Dance Moms – When Positive Reinforcement Goes Wrong

Earlier this month, I discussed the derisive style of Jillian Michaels, the yelling, pushy, abusive “coach” on “The Biggest Loser” television program. I noted that her aggressive, in-your-face approach to goad her charges to exercise and lose weight were mired in negative reinforcement, which drives avoidance behavior, promotes fear and doesn’t inspire optimal results. Her behavior evidently results in good television for those who enjoy watching others being demeaned, and it’s concerning enough when the abuse is geared at adults. However, there’s also another hit series, “Dance Moms,” which goes one step further and does the same to children (and their mothers).

While named after the stage mothers of dance students, the show actually showcases Abby Lee Miller, a dance coach who uses her size and loud mouth to bully her students who range in age from about 7 to 13 years. If these kids loved to dance before entering her studio, they will surely learn to hate doing so before they leave. True, the moms are an exercise in dysfunctional parenting: complaining, occasionally fighting back, but ultimately — to further their own vicarious dreams — allowing this destructive woman to systematically and manipulatively break their children’s spirits.

So what does Abby do wrong? Just about everything! Look, whether you’ve played sports or can liken it to an office team, everyone knows about the tough coach who drives the team, raises his/her voice, but who promotes teamwork and praises improvement with consistency and sincerity. Abby does none of these things. Instead, she holds a weekly session in which she categorizes the girls with a pyramid rating — only one winner. This system gives the weekly winner some relief but also puts her on the spot and sets her up as a target. It also categorizes every other person on the team as losers.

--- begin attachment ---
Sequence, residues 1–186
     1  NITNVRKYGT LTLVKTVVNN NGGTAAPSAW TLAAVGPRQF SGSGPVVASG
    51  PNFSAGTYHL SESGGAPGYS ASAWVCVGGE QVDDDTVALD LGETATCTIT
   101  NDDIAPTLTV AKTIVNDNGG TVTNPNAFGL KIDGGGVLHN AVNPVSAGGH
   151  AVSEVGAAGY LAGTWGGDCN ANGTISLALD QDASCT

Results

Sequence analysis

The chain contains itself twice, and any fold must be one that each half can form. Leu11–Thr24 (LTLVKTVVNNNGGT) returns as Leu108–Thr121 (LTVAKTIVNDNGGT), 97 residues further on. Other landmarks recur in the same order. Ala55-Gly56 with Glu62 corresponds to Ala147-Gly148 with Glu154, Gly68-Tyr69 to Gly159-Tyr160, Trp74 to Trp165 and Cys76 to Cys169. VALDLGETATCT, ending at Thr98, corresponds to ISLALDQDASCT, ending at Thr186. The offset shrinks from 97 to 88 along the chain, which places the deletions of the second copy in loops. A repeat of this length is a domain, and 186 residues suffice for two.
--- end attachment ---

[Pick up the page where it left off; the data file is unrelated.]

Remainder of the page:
This so-called coach likes to single out a girl for praise with a brief but non-specific accolade such as, “Outstanding!” Then she brings the other children to tears with individual diatribes: “You are a hot mess!” “You’re lazy!” “You screwed up!” “You were completely off.” “You were awful today.” Thanks, and put me in, coach!

What Abby and other negatively reinforcing bosses don’t realize is that vague terms, even in praise, don’t tell the performer the specifics of what outstanding means. Derogatory terms are not instructional. And in the case of “Dance Moms,” what dance moves are exemplified by lazy, hot mess, awful and screwing up? A good coach recognizes the small improvements, specifically describes them and reinforces them with words, a smile, a nod, a thumbs-up. A good coach encourages teamwork, and doesn’t pit individual team members against one another. A good coach allows the team to celebrate and doesn’t pair that celebration with criticism.

As the TV warning goes: Do not try this at home! Or at work, school or on the athletic field! The science of behavior tells us that this approach does not bring out the best in people at work, school or play. The science also tells us why it continues to be used by athletic coaches, managers and teachers in spite of the fact that it is not the most effective approach.

No doubt Abby Lee Miller is getting lots of positive reinforcement from her notoriety resulting from the popularity of the show, but she is also getting a lot of positive reinforcement from her interactions with the students and the moms. Since the most effective form of teaching or performance improvement does not make for good TV because it doesn’t have confrontation, negative emotion and abusive language, I don’t expect it to get national TV exposure any time soon. If you are tempted to model any of the Dance Moms’ behavior, I would encourage you to go to behavior.org for books and articles that will not only help you be a better teacher, parent, boss or coach but result in more positive reinforcement in your life.